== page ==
One of the iconic images of the closing ceremony at the London Olympics was the video of John Lennon singing, “Imagine”. This late 20thcentury hymn to universalism, secularism and non-attachment to property never fails to give me a warm feeling of hope and nostalgia. Juxtaposed to the elation of the young people just finishing a peak experience competing in the Olympics, John Lennon’s message seems almost possible.

In the morning after, however, I recall how each interview of a winning Olympian included a highly visible bottle of Coke, next to the microphone; clear and effective product placement. I also recall how the the cameras keep finding the young royals watching from the stands, celebrities in a centuries long brand strategy that effectively communicates the inevitability of the class and power structure, selling the voyeuristic titillation of glamour in place of social mobility, empowerment and inclusion. And I recall, that the flag of Greece, raised at the start and lowered at the closing of these ceremonies, represents both the vision of a peaceful interlude, founded 2500 years ago by authors of democracy, as well as the collapse of economic security engineered by other young competitors who play for teams named Goldman Sachs and JP Morgan Chase.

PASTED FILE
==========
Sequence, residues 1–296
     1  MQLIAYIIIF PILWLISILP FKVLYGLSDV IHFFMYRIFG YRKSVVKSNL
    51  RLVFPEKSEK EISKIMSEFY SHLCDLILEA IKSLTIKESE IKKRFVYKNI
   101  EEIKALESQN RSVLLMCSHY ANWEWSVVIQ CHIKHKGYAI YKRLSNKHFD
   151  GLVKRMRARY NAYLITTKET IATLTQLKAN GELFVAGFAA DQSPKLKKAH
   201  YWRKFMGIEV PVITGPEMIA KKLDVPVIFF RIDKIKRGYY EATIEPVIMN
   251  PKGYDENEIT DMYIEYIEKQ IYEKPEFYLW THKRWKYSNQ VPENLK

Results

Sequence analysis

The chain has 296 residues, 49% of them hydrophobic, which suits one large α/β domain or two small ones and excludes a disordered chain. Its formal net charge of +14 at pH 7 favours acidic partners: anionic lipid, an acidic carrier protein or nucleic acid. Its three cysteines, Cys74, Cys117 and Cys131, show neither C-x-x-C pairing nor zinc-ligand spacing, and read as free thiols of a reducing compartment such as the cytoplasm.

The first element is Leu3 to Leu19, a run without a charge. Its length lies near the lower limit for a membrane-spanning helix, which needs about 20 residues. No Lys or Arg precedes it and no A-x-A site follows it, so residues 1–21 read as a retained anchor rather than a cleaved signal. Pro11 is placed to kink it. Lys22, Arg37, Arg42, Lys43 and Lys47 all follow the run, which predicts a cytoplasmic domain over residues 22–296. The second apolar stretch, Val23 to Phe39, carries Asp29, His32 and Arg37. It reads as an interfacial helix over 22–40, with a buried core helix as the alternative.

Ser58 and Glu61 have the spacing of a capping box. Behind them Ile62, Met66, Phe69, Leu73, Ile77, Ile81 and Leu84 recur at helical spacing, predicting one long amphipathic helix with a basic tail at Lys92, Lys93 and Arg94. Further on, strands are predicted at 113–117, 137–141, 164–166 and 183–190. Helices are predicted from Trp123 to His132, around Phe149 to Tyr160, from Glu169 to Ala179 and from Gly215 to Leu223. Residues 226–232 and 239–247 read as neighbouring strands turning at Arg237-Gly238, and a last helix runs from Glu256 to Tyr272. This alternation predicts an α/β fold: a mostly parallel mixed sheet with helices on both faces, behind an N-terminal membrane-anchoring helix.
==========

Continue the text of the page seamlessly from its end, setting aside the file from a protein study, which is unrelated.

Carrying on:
The commitment and dedication it requires to be a world class athlete, a gold medal winner owns my heart. I love the people who make their lives into this pursuit of human possibility. It’s also fine with me that we pay for the opportunity to see these amazing young people fulfill their possibilities by selling advertisement for products. Let’s just not confuse the real dedication of the World’s youth with the brand strategy of the World’s consumer product companies.

Cynicism is a commitment to no possibility. Idealism is a commitment to the possibility of possibility. I find myself falling somewhere between these two stances these days. Maybe it’s because I am 50, old enough to recall exactly where I was when I hear that John Lennon had been shot by a crazed young man. Maybe it is because I am finally gathering enough data about life and history to see the patterned shadows cast by the bright lights of candidates’ promises and advertised dreams. I do not want to be defeated by the mendacity of dopes who think they can fool us all. I don’t want to merely glare at the mock-sincerity of political leaders who craft their messages to divide us into segments. I want to believe that we are smart enough to see through the well made advertising, the subtle product placement and the internet-age bread and circuses.

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